Maybe we need to start with principles: that everyone has a right to a home…

Boys on a charity walk in aid of Shelter in March 1969
Boys from the City Of London school on a charity walk in aid of Shelter from Blackfriars, London, to Windsor, Berkshire, on 26 March 1969. Photograph: Len Trievnor/Getty Images

Its official name was Navigation Street, and a glance at a 19th century map suggests its origin: an isolated row of terraced houses leading down to the canal that runs through the middle of my hometown.

Canals were originally called “navigations” and the people who dug them “navvies”. This term – still in use in the 1960s – was code for poor, itinerant, Irish manual workers. So we called it “Navvy Street”: it was where the poorest people in the town lived and probably served that function from when it was built to when it was knocked down and turned into a “close”.

Navigation Street was the place I thought of when the housing charity Shelterreissued documentary photographs from the 1960s to mark its 50th anniversary. If you flick through Nick Hedges’ photos now, you could be forgiven for thinking they depict some kind of uniform, northern industrial bleakness at of the time. But you’d be wrong.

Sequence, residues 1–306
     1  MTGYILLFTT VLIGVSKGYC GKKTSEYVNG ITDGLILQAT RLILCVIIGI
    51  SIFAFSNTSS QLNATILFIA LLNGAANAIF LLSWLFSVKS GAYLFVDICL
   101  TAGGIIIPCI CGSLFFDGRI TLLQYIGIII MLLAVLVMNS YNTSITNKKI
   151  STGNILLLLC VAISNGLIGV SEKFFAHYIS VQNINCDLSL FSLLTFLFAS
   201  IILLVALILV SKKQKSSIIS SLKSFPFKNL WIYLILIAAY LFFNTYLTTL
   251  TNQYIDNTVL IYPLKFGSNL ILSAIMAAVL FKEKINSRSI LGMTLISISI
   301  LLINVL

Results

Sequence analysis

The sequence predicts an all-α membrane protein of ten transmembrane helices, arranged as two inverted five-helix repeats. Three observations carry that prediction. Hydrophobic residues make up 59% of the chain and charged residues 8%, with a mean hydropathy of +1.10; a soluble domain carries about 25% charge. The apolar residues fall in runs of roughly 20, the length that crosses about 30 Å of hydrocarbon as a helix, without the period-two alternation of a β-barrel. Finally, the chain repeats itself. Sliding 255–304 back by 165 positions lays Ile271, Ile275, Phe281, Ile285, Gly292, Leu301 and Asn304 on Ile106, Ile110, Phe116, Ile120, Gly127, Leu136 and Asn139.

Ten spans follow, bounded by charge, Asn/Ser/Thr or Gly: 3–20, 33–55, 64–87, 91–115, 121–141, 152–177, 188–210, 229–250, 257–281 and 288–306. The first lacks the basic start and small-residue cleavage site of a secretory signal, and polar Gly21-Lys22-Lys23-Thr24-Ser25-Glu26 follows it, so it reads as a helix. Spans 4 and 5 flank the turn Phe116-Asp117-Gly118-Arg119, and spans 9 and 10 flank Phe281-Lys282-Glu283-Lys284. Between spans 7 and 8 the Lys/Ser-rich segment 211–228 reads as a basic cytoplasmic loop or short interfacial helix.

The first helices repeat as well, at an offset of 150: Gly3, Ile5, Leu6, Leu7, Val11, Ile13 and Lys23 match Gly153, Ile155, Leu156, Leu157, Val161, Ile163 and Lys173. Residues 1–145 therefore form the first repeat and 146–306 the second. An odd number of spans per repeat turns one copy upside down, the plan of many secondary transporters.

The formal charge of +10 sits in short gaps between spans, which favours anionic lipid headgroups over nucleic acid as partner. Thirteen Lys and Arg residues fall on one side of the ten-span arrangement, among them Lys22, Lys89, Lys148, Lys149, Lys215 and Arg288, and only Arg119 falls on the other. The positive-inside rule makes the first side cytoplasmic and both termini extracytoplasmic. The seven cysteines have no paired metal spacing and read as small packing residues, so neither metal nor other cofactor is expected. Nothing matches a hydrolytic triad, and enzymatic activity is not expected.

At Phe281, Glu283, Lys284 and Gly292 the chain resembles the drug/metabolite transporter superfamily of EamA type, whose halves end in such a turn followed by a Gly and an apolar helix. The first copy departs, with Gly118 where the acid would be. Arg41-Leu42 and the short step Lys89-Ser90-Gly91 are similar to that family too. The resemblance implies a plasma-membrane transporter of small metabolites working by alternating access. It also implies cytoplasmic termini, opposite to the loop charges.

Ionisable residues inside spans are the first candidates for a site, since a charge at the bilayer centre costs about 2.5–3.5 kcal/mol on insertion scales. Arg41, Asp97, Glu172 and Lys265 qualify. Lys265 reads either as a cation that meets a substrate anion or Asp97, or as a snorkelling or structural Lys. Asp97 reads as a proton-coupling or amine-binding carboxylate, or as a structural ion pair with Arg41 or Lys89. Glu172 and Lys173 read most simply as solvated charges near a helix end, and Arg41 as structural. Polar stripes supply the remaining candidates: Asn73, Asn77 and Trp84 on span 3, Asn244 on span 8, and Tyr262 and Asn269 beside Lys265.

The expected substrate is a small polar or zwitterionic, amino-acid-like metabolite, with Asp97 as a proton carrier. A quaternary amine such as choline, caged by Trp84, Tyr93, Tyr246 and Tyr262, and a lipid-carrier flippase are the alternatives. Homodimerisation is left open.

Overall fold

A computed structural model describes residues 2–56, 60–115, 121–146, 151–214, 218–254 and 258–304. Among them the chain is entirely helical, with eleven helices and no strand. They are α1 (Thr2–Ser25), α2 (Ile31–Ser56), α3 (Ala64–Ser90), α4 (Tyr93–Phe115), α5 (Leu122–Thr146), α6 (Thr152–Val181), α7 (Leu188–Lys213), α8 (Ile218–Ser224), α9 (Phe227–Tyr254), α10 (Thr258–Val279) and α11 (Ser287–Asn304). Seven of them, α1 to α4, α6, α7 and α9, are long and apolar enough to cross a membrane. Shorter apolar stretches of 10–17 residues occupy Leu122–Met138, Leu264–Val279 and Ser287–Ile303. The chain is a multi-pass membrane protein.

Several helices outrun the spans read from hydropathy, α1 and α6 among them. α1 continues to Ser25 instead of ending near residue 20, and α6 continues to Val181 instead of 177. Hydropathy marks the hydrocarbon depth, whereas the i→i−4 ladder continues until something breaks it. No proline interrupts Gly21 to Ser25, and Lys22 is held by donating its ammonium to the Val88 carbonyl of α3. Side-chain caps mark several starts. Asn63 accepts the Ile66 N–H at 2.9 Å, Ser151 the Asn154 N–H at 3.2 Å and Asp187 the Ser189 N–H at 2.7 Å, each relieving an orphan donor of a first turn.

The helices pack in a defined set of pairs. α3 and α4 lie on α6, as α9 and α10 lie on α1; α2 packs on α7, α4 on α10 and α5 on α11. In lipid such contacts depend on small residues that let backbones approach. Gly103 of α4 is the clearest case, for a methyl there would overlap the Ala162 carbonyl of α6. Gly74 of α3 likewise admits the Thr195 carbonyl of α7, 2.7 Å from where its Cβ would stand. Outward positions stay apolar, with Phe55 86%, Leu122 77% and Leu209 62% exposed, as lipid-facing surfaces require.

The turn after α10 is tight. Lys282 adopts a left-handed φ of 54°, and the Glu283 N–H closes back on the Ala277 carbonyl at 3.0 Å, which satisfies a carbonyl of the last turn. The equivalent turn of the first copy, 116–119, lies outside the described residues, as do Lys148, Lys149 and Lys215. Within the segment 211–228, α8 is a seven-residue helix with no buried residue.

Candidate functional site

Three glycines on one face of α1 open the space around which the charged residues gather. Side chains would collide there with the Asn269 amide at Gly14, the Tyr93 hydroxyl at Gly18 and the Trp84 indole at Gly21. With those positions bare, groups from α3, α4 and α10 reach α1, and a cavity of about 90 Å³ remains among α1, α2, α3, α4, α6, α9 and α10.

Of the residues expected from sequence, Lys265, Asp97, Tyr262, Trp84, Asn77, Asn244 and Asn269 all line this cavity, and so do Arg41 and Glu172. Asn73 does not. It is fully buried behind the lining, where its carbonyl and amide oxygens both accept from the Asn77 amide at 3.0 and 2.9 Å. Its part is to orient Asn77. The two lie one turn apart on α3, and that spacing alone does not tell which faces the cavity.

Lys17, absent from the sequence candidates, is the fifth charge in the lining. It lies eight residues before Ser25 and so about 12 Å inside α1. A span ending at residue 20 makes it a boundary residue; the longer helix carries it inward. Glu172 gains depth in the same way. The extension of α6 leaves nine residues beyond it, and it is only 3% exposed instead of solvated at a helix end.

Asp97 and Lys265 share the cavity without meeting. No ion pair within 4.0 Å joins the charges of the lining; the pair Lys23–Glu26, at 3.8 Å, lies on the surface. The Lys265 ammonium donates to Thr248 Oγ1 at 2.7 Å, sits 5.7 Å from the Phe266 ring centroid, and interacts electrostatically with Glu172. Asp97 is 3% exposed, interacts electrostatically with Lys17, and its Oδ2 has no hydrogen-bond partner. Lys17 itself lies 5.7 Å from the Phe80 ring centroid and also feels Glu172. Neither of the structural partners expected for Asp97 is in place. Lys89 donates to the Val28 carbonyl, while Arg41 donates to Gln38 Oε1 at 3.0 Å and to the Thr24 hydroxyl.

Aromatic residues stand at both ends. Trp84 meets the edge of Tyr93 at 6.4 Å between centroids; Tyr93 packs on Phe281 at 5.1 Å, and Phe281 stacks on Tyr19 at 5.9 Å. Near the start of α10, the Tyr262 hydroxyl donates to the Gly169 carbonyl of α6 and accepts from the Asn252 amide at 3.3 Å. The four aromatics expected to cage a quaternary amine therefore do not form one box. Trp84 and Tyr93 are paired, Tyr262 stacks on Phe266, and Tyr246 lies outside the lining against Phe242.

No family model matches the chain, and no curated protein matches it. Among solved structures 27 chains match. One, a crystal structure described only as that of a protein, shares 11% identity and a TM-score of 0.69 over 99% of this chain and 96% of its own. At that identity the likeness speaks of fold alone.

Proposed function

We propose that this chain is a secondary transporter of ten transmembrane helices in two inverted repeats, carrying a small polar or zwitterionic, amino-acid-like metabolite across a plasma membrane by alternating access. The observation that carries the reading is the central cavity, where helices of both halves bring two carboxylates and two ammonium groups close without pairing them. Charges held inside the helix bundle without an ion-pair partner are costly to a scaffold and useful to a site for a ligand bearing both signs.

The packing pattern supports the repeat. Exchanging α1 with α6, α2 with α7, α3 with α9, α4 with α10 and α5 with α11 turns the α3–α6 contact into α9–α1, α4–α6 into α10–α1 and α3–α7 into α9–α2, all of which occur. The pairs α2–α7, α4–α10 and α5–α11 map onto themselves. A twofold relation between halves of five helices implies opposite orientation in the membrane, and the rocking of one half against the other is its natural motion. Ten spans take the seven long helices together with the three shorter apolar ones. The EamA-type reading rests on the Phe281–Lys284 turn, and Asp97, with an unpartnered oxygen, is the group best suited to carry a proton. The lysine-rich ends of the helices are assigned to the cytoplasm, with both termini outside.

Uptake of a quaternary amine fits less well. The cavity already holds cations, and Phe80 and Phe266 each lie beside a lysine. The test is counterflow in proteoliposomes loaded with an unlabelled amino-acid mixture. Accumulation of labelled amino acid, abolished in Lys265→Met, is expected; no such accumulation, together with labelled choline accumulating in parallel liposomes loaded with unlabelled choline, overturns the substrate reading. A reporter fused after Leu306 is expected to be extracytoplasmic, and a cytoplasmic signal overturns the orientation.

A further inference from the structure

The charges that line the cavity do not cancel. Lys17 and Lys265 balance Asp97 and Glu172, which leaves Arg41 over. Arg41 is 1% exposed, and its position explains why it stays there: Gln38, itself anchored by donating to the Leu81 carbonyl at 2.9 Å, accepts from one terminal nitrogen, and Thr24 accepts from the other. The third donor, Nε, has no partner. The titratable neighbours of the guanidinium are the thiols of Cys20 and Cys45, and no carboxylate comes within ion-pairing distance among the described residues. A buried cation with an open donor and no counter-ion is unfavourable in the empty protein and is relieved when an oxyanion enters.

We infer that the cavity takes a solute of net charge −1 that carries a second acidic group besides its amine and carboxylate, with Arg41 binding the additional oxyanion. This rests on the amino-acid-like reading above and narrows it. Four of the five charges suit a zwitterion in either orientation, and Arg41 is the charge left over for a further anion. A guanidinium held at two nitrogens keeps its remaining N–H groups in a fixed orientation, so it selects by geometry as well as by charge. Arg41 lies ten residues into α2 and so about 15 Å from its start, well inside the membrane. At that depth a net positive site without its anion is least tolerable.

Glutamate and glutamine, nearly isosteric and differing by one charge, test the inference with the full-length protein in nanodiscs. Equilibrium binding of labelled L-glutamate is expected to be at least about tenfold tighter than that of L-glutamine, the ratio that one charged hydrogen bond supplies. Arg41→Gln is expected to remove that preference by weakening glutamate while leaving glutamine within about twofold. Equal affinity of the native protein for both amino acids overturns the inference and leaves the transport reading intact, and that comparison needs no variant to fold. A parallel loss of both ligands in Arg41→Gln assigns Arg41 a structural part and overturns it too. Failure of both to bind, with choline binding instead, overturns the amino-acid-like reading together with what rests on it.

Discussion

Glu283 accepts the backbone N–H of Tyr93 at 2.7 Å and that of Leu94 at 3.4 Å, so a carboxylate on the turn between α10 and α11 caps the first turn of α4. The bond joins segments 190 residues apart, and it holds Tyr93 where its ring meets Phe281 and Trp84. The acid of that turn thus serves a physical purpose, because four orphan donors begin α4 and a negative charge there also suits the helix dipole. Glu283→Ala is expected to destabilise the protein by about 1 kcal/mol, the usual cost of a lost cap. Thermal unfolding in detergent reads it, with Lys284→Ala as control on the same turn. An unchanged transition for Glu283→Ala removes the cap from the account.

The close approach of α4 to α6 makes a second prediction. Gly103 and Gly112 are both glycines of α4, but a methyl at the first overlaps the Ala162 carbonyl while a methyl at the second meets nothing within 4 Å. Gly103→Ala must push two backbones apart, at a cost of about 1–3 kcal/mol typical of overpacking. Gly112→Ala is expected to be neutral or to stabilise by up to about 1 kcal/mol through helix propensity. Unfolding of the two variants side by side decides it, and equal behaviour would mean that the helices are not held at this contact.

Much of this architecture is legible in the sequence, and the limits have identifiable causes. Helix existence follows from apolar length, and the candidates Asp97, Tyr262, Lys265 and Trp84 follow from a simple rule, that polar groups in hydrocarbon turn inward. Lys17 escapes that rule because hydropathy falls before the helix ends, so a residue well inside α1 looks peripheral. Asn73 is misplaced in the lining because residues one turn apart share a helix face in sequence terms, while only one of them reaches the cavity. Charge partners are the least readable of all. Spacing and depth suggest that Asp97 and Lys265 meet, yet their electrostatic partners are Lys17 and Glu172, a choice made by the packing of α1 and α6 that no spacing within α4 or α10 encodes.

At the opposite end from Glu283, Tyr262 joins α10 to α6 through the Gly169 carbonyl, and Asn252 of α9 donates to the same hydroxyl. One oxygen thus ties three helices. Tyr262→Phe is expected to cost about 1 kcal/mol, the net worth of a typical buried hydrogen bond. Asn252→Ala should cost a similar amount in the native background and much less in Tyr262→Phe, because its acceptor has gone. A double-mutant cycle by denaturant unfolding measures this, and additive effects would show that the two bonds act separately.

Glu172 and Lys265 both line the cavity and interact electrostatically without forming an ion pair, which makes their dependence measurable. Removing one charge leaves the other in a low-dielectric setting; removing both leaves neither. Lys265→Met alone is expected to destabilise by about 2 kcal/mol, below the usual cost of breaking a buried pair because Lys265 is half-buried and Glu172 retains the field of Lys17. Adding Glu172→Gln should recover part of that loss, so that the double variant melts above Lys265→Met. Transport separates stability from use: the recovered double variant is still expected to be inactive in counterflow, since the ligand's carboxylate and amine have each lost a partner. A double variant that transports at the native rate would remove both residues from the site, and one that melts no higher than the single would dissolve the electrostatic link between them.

Shelter was born because people realised dwindling number of classic slum streets were not the only problem: there was widespread hidden homelessness expressed through overcrowding. The private rented sector was utterly insecure and housing costs were devouring the incomes of the poor.

Skip forward 50 years and we too have rising homelessness – 54,000 families in England last year, up 36% since the financial crisis began. Housing charities record rising overcrowding, precarious tenancies, predatory landlords and unaffordable rents. The difference is it’s not only the poor who suffer.

The shared student house has been reincarnated as the shared young professional’s house, with some even forced to share rooms. According to Crisis, there are 3.5m households containing a “concealed” adult or couple in England.